Well, half a century is a long time and everything has changed. I would say there is more anxiety attending childbirth these days; more caesarian sections, more inductions, more drugs, more drips, more medicine in other words. Childbirth has drifted away from being a natural event into a medical condition requiring medical treatment.
Q. The tide seems to be turning back towards a more natural approach, and many women are choosing a midwife. Do you think this is good?
Yes, but perhaps not for everyone.
Q. What advice would you give to a woman planning her delivery?
Stick to what you think is right for you. If you think a home birth attended by a midwife is best for you, don’t be deflected. But if you would feel safer in a hospital environment, that’s all right too.
Q. What advice would you give to a woman training to be a midwife today?
Always remember you are part of the most wonderful, the most important, and the most privileged calling in the world. Nursing and midwifery are a vocation, not just a job.
Q. You went to Nonnatus House an agnostic, but you found God. Did you contemplate becoming a nun?
That is a very deep question, and I do not readily wear my heart or my faith on my sleeve. Call the Midwife
is the first of a trilogy and the three books together depict a spiritual journey. My life was transformed forever by the sisters. They are still a religious order, and I have ongoing contact and communion with them and lean heavily on them for prayer and guidance.
- Even though the Docklands were notoriously dangerous, the midwives and district nurses were able to walk unaccompanied without fear. Is there a comparable profession today?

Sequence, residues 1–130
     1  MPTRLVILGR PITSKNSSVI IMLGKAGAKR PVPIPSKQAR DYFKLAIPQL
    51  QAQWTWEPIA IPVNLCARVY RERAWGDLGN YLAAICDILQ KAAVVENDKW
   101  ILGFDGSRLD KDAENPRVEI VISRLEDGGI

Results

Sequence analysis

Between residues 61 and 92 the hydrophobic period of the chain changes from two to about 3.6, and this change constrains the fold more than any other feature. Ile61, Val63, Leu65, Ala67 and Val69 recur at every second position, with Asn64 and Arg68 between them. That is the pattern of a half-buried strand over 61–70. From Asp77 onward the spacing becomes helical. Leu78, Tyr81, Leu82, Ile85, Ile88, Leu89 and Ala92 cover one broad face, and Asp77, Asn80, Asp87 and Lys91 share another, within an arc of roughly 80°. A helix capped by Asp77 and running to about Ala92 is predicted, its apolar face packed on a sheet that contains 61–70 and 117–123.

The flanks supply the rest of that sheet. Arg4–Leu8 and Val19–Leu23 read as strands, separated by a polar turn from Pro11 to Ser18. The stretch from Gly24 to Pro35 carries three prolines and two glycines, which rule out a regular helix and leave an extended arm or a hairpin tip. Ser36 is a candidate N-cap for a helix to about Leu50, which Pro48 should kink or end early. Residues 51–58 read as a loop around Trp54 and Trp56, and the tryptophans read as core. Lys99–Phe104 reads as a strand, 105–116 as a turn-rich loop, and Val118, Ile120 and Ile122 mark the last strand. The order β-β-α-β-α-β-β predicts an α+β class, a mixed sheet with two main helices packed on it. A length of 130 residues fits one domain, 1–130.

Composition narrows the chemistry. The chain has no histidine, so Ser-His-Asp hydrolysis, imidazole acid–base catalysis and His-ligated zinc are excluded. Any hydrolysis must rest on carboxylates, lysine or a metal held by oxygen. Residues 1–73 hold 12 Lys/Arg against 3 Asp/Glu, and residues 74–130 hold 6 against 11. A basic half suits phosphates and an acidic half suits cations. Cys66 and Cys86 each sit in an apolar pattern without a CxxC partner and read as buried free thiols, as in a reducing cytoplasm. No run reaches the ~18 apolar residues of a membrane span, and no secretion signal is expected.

- How many children in a family do you think is ideal? Why?
- Discuss the Church’s decision to take away Mary’s baby. Would she have been able to provide for it without turning to prostitution?
- Worth asks, “What woman worthy of the name Mother would stand on a high moral platform about selling her body if her child were dying of hunger and exposure? Not I” (p. 162). Is it biology or psychology that drives women to extreme measures to protect their children while fathers often deny either paternity or their paternal responsibilities?
- Should Doris have allowed Cyril to send away the baby she bore illegitimately? Did she have a choice?
- Ted became a loving and wonderful father to Edward without actually being his biological father. How important is biology in the parent–child relationship?
- Babies as premature as Conchita’s twenty–fifth child are never allowed to stay home today. Do you think he would he have survived if he had been taken to the hospital?
- After learning their respective histories, Worth radically changes her opinion of both Sister Evangelina and Mrs. Jenkins. Share an episode in your own life when your initial dislike for a person was transformed once you got to know him or her better.
- During the time that Worth recounts, most women delivered their babies at home and were deeply suspicious of hospitals. Today, the opposite is true. How do you think such a dramatic change came about and is it for better or for worse?
- If you already have children, did you use a midwife? If you don’t but are planning to have children, would you? Why or why not?